Zelle R.M.,Technical University of Delft |
Harrison J.C.,Microbia |
Pronk J.T.,Technical University of Delft |
Van Maris A.J.A.,Technical University of Delft
Applied and Environmental Microbiology | Year: 2011
Malic enzyme catalyzes the reversible oxidative decarboxylation of malate to pyruvate and CO2. The Saccharomyces cerevisiae MAE1 gene encodes a mitochondrial malic enzyme whose proposed physiological roles are related to the oxidative, malate-decarboxylating reaction. Hitherto, the inability of pyruvate carboxylasenegative (Pyc-) S. cerevisiae strains to grow on glucose suggested that Mae1p cannot act as a pyruvatecarboxylating, anaplerotic enzyme. In this study, relocation of malic enzyme to the cytosol and creation of thermodynamically favorable conditions for pyruvate carboxylation by metabolic engineering, process design, and adaptive evolution, enabled malic enzyme to act as the sole anaplerotic enzyme in S. cerevisiae. The Escherichia coli NADH-dependent sfcA malic enzyme was expressed in a Pyc- S. cerevisiae background. When PDC2, a transcriptional regulator of pyruvate decarboxylase genes, was deleted to increase intracellular pyruvate levels and cells were grown under a CO2 atmosphere to favor carboxylation, adaptive evolution yielded a strain that grew on glucose (specific growth rate, 0.06 ± 0.01 h-1). Growth of the evolved strain was enabled by a single point mutation (Asp336Gly) that switched the cofactor preference of E. coli malic enzyme from NADH to NADPH. Consistently, cytosolic relocalization of the native Mae1p, which can use both NADH and NADPH, in a pyc1,2δ pdc2δ strain grown under a CO2 atmosphere, also enabled slow-growth on glucose. Although growth rates of these strains are still low, the higher ATP efficiency of carboxylation via malic enzyme, compared to the pyruvate carboxylase pathway, may contribute to metabolic engineering of S. cerevisiae for anaerobic, high-yield C4-dicarboxylic acid production. Copyright © 2011, American Society for Microbiology. All Rights Reserved.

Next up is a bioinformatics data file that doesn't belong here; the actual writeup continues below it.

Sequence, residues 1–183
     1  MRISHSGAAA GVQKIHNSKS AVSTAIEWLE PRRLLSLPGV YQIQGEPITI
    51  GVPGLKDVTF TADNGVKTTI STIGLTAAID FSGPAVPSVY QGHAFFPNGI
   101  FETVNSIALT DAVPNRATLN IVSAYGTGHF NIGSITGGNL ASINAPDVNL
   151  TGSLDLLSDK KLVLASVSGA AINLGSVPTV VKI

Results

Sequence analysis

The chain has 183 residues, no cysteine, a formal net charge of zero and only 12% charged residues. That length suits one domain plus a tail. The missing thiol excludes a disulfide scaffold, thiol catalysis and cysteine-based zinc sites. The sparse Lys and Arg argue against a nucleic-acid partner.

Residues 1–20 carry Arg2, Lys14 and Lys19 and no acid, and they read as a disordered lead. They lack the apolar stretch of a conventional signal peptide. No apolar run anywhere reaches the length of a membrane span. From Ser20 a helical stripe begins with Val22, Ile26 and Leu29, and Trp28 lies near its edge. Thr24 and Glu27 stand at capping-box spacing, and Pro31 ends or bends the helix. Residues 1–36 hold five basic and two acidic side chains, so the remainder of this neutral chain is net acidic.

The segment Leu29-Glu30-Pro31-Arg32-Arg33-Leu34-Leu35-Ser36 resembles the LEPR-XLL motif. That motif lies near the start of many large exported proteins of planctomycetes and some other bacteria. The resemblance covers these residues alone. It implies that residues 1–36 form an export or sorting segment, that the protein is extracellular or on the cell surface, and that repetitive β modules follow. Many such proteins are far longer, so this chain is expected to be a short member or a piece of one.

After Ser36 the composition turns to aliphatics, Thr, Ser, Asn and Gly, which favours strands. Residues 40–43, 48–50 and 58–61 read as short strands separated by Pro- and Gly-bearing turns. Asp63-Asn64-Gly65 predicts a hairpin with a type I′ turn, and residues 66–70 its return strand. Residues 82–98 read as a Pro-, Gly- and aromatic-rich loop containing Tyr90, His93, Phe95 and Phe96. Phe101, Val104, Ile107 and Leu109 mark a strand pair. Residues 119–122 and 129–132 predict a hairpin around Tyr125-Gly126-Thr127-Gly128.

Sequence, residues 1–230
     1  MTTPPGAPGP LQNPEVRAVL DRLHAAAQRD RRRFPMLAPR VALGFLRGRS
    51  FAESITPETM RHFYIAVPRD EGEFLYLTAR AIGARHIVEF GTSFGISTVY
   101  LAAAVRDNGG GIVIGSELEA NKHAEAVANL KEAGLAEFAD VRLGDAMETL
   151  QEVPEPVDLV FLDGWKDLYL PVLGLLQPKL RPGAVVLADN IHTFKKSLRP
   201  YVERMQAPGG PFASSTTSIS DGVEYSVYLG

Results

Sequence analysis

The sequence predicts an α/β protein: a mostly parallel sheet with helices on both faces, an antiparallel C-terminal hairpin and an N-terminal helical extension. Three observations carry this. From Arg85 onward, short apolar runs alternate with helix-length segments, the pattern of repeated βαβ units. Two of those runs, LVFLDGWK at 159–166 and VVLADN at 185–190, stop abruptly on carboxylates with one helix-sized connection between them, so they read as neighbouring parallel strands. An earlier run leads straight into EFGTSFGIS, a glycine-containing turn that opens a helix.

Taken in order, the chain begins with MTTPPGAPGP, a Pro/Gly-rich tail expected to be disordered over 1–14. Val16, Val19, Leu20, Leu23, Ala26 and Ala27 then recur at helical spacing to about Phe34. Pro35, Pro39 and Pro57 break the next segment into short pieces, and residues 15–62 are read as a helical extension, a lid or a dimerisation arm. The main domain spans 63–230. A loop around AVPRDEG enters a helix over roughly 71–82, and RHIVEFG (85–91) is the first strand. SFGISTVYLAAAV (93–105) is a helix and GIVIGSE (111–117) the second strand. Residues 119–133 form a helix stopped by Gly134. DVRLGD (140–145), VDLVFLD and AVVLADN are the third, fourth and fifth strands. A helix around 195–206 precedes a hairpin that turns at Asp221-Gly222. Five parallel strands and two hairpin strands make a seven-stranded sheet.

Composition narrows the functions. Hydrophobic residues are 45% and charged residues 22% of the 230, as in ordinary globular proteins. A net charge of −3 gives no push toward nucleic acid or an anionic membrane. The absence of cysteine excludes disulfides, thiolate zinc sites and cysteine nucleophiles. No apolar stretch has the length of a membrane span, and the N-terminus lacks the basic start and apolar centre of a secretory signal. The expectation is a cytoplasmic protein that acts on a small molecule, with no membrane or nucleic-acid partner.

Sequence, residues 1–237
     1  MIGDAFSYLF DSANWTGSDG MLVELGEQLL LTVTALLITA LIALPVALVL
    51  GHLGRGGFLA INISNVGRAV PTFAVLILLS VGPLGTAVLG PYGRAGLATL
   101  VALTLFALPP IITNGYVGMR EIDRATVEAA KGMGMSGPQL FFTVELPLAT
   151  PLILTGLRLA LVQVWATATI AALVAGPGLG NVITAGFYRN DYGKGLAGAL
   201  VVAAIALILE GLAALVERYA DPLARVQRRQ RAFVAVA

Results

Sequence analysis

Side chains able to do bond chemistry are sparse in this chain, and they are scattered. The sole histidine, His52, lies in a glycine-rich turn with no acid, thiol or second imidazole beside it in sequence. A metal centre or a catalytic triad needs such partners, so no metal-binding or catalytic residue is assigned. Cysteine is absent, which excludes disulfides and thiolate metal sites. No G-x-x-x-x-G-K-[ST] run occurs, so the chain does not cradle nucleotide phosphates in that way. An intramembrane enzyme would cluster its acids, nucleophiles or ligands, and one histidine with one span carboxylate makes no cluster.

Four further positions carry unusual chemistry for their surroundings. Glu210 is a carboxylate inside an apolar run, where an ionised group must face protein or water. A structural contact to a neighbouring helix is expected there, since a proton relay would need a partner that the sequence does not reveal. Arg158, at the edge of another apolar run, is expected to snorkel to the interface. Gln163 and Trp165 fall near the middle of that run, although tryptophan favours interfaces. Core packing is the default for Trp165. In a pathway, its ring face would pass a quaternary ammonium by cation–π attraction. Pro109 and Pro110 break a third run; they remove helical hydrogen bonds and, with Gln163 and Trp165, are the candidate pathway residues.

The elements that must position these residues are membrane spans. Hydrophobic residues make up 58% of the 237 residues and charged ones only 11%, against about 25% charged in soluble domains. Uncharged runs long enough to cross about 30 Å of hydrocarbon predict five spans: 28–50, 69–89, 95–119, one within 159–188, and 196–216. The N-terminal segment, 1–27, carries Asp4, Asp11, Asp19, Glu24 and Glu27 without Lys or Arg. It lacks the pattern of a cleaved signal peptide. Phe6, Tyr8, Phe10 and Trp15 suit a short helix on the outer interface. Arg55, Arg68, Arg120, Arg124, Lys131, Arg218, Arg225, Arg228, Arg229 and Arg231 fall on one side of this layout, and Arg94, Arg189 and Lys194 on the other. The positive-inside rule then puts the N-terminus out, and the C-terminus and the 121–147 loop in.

News Article | September 22, 2010